side-effects (I believe they eventually abort (), right?) so we can't
make them pure or const.  I believe we don't have any category of
calls that may abort but can be commoned.  PRE just does the job for
the arguments...

I believe the way the function is written is just asking for troubles...

Maybe sanitize instrumentation can also be more clever avoiding all the
redundancies...  (seems to happen on GENERIC already for BOUNDS).

That said, can't see an easy workaround but to change the source and/or
not use -fsanitize= and expect decent code quality.
Comment 4 Jakub Jelinek 2017-12-18 14:33:14 UTC
(In reply to Richard Biener from comment #3)
(I believe they eventually abort (), right?) so we can't

Well, not abort, either runtime error message + die, or runtime error message + continue, or __builtin_trap depending on options.

> Maybe sanitize instrumentation can also be more clever avoiding all the
> redundancies...  (seems to happen on GENERIC already for BOUNDS).

The sanopt pass removes the redundancies that can be removed.
Comment 5 Arnd Bergmann 2017-12-18 15:10:14 UTC
(In reply to Richard Biener from comment #3)

> That said, can't see an easy workaround but to change the source and/or
> not use -fsanitize= and expect decent code quality.

I don't see a good way to modify the source code without risking performance regressions in other configurations (arch, compiler version or flags), and the AES cipher is a rather performance critical part of the kernel.

I have experimentally shown that passing either -fno-tree-sra and/or -fno-tree-pre improves the stack usage in this file significantly (312 bytes with ubsan, 192 bytes without), though it's still around twice as much as with gcc-7.1.1, both with and without sanitizers.

I have not yet tried to analyze or measure the resulting object code though.
Comment 6 rguenther@suse.de 2017-12-18 15:11:34 UTC
On Mon, 18 Dec 2017, jakub at gcc dot gnu.org wrote:

> https://gcc.gnu.org/bugzilla/show_bug.cgi?id=83356
> 
> --- Comment #4 from Jakub Jelinek <jakub at gcc dot gnu.org> ---
> (In reply to Richard Biener from comment #3)
> (I believe they eventually abort (), right?) so we can't
> 
> Well, not abort, either runtime error message + die, or runtime error message +
> continue, or __builtin_trap depending on options.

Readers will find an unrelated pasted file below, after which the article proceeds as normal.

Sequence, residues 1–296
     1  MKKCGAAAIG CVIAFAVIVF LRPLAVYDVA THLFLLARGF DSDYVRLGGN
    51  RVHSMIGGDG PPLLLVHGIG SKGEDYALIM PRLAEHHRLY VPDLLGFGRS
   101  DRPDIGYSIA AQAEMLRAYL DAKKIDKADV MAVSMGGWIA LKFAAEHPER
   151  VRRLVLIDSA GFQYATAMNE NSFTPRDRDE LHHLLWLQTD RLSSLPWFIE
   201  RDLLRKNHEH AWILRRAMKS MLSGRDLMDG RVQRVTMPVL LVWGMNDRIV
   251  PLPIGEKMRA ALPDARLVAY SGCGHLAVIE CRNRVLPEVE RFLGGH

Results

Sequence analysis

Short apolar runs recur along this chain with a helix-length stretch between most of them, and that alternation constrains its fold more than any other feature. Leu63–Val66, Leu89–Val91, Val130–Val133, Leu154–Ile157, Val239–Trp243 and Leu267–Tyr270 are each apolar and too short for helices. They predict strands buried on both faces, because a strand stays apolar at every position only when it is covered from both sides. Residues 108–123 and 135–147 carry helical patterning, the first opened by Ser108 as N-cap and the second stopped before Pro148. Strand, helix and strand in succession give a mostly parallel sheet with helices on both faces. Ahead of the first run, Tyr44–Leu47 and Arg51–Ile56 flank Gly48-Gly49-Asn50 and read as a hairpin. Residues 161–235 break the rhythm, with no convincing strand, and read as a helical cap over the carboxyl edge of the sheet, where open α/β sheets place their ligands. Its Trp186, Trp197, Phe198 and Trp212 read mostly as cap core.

> 
> > Maybe sanitize instrumentation can also be more clever avoiding all the
> > redundancies...  (seems to happen on GENERIC already for BOUNDS).
> 
> The sanopt pass removes the redundancies that can be removed.

Hum, that runs pretty late...  can't we run it at the end of early
opts (as well?)?  That would also remove load from optimizers.
Comment 7 Jakub Jelinek 2017-12-18 15:20:06 UTC
(In reply to rguenther@suse.de from comment #6)
> On Mon, 18 Dec 2017, jakub at gcc dot gnu.org wrote:
> 
> > https://gcc.gnu.org/bugzilla/show_bug.cgi?id=83356
> > 
> > --- Comment #4 from Jakub Jelinek <jakub at gcc dot gnu.org> ---
> > (In reply to Richard Biener from comment #3)
> > (I believe they eventually abort (), right?) so we can't
> > 
> > Well, not abort, either runtime error message + die, or runtime error message +
> > continue, or __builtin_trap depending on options.
> > 
> > > Maybe sanitize instrumentation can also be more clever avoiding all the
> > > redundancies...  (seems to happen on GENERIC already for BOUNDS).
> > 
> > The sanopt pass removes the redundancies that can be removed.
> 
> Hum, that runs pretty late...  can't we run it at the end of early
> opts (as well?)?  That would also remove load from optimizers.

Well, right now that pass does both the optimizations (removing redundant checks; this is the sanopt_optimize part) and lowering of the IFNs etc.
The optimization part supposedly could be done multiple times, the rest must be done just once and should be done late.
So, if we add a bool to the pass (set_pass_param, clone) which would say if it is the late pass and we'd return right after the sanopt_optimize call if not the latest one, this could be done.
Comment 8 Jakub Jelinek 2017-12-18 21:00:48 UTC
I'll try it tomorrow.
Comment 9 Jakub Jelinek 2017-12-19 16:22:14 UTC
Created attachment 42921 [details]